Tameside Green Summit
ORGANISATIONS and individuals have shared their environmental pledges following the first ever Tameside Green Summit.
Now residents, businesses and groups are urged to join in and do their bit by making a pledge that will help save the planet.
The green summit, organised by Tameside Council, saw businesses, public services and voluntary and community groups gather at Dukinfield Town Hall on 6 November. They heard presentations from leading experts, debated key topics and concluded by making environmental pledges for themselves and their organisations, which will have a positive impact on the environment and climate change.
Chief Executive Steven Pleasant made the pledge that Tameside Council and Tameside and Glossop Clinical Commissioning Group will seek accreditation as a Carbon Literate Organisation, embedding corporate social responsibility and low carbon behaviour in staff and working practices.
Tameside Council Executive Leader Councillor Brenda Warrington and Executive Member for Neighbourhoods Councillor Allison Gwynne made pledges on energy and trees.
They stated: “We will reduce the energy demand from heating, cooling, hot water and appliances across our corporate estate through better management and installation of appropriate retrofit measures.
“We will continue our programme of tree planting in Tameside by planting 3,500 trees across our green spaces in 2018/19. We will continue our partnership with City of Trees and will encourage all new developments to include high quality tree planting.”
There wasn’t a blank space on the pledge wall at the event with schools, businesses and public organisations all making commitments.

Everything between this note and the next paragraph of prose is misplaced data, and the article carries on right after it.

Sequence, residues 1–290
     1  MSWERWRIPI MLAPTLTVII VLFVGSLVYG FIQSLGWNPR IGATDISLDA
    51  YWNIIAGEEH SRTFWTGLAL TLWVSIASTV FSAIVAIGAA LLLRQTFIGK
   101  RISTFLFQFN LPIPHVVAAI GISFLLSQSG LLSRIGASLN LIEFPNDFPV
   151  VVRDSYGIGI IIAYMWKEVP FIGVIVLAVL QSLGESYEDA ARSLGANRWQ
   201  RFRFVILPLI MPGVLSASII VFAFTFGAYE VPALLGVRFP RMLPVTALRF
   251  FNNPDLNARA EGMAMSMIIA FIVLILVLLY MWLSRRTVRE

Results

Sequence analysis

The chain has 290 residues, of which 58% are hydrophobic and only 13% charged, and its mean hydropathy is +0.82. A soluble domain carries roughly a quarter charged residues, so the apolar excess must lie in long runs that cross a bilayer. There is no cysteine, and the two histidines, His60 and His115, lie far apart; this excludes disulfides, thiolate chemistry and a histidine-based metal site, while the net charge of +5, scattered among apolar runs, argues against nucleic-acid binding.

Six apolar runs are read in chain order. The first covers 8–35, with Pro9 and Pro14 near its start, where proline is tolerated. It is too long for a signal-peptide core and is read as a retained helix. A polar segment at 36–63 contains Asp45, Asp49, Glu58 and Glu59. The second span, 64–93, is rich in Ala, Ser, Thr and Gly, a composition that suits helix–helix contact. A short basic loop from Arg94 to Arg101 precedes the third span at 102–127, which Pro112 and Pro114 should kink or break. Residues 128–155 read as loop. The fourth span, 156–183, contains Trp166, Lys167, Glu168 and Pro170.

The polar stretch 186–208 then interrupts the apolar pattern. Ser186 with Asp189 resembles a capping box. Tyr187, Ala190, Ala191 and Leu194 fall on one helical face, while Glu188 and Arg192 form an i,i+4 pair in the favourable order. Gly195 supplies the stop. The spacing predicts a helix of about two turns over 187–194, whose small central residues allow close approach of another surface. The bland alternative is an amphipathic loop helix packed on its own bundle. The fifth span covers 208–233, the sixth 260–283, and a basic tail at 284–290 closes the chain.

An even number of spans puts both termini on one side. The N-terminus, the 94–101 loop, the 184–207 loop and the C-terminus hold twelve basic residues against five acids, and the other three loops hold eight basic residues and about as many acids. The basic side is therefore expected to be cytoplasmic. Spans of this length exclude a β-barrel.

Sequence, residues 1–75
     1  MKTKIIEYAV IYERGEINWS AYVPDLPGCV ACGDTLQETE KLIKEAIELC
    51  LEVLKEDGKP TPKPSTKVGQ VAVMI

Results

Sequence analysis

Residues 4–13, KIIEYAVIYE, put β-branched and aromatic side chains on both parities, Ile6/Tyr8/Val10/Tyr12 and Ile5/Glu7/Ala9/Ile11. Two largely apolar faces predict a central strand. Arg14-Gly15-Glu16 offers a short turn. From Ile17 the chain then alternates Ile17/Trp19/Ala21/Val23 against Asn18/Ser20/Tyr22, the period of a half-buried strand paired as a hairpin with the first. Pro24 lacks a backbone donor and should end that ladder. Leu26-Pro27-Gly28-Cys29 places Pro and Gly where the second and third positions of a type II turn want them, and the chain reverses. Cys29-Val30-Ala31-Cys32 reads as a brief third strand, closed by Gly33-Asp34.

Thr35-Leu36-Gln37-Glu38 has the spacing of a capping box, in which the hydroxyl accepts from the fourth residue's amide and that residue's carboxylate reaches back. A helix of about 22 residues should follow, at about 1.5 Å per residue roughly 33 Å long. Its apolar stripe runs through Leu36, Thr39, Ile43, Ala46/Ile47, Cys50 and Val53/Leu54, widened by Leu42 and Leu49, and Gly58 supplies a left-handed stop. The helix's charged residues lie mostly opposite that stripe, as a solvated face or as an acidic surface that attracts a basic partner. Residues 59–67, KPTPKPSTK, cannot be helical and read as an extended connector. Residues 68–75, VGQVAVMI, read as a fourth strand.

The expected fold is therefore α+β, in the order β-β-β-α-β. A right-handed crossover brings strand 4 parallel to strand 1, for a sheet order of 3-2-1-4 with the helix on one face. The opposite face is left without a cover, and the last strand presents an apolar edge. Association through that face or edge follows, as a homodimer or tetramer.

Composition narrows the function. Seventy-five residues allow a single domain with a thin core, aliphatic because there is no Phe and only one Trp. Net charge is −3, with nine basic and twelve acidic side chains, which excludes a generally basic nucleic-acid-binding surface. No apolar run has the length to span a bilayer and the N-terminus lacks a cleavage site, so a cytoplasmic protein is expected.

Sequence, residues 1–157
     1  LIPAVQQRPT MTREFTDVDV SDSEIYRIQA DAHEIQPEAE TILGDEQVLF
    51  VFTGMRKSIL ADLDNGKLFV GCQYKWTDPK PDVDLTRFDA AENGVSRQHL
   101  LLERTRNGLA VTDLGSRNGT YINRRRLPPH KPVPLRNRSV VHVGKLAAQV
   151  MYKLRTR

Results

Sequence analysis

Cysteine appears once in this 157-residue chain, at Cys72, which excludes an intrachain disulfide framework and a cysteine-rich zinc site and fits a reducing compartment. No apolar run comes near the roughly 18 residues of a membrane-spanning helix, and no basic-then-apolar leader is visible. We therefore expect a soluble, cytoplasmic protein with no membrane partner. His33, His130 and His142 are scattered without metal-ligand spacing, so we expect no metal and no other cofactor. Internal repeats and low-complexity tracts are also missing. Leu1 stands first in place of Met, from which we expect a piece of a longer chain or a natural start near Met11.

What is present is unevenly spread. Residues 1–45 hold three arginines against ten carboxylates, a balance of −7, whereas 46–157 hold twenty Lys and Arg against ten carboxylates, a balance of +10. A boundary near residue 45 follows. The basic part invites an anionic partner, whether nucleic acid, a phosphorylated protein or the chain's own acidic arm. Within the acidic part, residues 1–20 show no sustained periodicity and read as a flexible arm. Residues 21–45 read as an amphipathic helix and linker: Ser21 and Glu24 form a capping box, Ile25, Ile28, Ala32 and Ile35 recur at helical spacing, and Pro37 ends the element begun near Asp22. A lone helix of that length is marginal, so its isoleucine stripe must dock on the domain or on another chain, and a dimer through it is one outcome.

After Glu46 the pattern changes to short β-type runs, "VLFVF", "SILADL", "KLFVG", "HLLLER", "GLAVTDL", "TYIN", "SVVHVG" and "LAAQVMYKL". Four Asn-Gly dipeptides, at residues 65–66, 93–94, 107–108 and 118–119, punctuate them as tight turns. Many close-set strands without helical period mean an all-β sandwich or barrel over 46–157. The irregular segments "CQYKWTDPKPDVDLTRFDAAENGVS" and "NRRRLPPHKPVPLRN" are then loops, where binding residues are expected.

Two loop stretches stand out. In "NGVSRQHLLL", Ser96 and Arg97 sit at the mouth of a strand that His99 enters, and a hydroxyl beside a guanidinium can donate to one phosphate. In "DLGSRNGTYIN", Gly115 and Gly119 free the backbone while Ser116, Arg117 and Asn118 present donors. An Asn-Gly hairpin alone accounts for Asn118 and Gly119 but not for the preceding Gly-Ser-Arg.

Russell Scott Primary School headteacher Steve Marsland pledged to continue to empower and engage children to make green decisions for their own sustainable futures. And Laura O Flaherty, from St James’ Primary School in Hattersley, pledged to reduce the amount of energy wasted throughout the school and home by making sure lights and interactive whiteboards are switched off when classrooms are not in use and turning off all computers, laptops and monitors at the end of the day.
Adrian Rooney, of Bardsley Construction, pledged to target less than 10% of waste from building projects to go to landfill and target a 10% reduction in carbon by the end of 2019.
Jacob Hirst, of Tameside Youth Council, who spoke at the event with fellow member Emily Sykes, pledged to promote recycling to young people.
A video created by Millbrook Primary and Nursery School was shown at the event and can be viewed at www.youtube.com/watch?v=GOvjfildv1o
. The school also pledged to reduce their use of plastics and find suitable alternatives.
Councillor Warrington said: “The consequences of not protecting the environment, cleaning up our air and living sustainably are grave and endanger our children and grandchildren’s futures.
“I’m delighted with the response to the Tameside Green Summit and the amount of pledges made but we now need these to be fulfilled. And I’d like to see everyone in Tameside make an environmental pledge and play their part. Small but achievable changes in consumption and lifestyle, whether reducing, reusing or recycling, can add up to a massive impact if we all commit to them. By working together we can make a difference.”
Pledges can be shared on social media by using the hashtag #tamesidegreensummit